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UBC Theses and Dissertations

Army service and social mobility : the Mahars of the Bombay Presidency, with comparisions with the Bene Israel and Black Americans Basham, Ardythe Maude Roberta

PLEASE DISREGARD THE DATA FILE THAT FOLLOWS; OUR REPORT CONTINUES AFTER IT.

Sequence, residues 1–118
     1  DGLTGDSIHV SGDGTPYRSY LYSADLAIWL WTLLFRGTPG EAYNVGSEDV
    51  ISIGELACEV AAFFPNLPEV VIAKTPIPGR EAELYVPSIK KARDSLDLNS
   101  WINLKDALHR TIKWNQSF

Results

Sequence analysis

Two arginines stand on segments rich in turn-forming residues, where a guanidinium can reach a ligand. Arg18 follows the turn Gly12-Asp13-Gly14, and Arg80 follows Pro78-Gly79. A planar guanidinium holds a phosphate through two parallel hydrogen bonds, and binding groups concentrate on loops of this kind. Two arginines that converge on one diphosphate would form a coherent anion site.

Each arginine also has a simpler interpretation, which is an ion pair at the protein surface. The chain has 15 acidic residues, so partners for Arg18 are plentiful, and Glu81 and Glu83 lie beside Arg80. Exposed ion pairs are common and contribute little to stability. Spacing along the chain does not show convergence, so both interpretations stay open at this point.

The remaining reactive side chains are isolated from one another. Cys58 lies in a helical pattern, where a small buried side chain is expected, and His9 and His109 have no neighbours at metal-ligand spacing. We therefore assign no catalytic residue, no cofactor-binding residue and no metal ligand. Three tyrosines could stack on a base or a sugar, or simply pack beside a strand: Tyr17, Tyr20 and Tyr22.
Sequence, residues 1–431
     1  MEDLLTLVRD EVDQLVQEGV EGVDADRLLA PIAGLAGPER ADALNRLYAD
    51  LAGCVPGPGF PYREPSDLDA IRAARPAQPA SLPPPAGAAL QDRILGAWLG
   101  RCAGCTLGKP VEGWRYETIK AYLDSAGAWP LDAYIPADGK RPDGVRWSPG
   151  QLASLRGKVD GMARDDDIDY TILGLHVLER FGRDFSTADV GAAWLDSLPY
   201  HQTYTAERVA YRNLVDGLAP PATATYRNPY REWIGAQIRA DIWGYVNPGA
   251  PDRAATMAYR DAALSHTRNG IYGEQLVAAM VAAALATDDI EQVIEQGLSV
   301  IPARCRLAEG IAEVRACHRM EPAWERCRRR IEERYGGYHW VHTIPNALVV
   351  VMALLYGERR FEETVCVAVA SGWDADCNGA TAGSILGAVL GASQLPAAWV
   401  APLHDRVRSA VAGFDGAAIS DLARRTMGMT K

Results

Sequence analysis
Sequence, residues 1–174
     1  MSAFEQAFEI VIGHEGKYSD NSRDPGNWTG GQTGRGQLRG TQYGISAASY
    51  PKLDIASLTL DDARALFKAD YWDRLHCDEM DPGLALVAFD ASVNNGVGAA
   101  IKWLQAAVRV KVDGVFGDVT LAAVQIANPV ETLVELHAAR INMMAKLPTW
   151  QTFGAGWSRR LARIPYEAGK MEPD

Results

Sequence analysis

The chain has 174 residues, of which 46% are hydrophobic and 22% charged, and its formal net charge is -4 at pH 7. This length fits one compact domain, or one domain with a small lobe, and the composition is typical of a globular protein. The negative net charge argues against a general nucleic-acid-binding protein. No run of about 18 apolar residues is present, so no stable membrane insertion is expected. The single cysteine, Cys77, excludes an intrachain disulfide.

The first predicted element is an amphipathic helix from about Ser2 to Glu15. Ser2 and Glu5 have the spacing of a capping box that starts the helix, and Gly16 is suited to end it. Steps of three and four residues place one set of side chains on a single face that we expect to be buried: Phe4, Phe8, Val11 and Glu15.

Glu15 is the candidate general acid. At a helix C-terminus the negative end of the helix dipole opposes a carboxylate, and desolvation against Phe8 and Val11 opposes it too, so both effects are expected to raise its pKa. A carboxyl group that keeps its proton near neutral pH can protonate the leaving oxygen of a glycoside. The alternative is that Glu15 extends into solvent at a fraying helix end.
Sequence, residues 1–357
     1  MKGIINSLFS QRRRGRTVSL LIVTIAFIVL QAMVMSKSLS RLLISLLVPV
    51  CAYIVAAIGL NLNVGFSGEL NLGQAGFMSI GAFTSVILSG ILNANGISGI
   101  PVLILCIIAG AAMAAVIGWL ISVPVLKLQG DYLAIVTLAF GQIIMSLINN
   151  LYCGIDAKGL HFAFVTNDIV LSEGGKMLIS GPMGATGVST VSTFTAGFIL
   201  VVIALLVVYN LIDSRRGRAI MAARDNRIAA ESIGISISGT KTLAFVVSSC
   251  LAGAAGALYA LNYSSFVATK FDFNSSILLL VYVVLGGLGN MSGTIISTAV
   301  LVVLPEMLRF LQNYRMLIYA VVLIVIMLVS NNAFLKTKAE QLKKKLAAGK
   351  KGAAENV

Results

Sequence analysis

A number of historians have asserted that military service has been an avenue of social mobility for disadvantaged peoples in multicultural societies but few detailed investigations support this assertion. This thesis does so by describing the relationship between army service and social mobility in the case of the Mahars, an untouchable community of Western India, who are compared with the Bene Israel, an Indian Jewish community, and black Americans. The thesis describes and analyses the similarities and differences in the social status and military experiences of each community, and assesses the impact of military service on their social and economic situations. The Mahars and the Bene Israel served in the Indian Army up to 1893, when both groups were declared ineligible for enlistment. The reasons for this, and the struggle of the Mahars to regain their military eligibility, are examined and compared with the relevant period for American blacks, the century from the United States Civil War to the beginnings of the Civil Rights movement in the 1950s. Comparative military pay and benefits, the general effects of racial and caste prejudice, the "Martial Races" theory, the relationship between military service and citizenship, and the status of soldiers in their non-military environments are discussed at length in order to support the thesis that the Mahars benefited most from military service. They received economic benefits, educational opportunities, leadership experience, enhanced social status, and improved access to official channels. Consequently, they periodically agitated for restoration of the right to enlist, something they did not finally achieve until 1942. The Bene Israel had no racial or caste stigma to overcome, and were least affected by the loss of military employment. Accordingly, they made little effort to regain enlistment status. While American blacks derived similar benefits, these were not of crucial importance for improvement of the position of the entire black population; military service was, however, important in justifying claims to political equality. Whites reinforced their dominance with pseudo-scientific beliefs in their innate racial superiority which they used to limit the participation of the Mahars and blacks in the military. But recognition as soldiers had symbolic as well as practical value in strengthening the claims of Mahars and blacks to equal status in other areas. Primary sources used for the thesis include government documents from the National Archives of India, the Maharashtra State Archives, the United Services Institution of India, and the India Office Library. Regimental and other military histories, interviews, and a variety of cultural history sources, as well as the standard monographic materials, have also been used.

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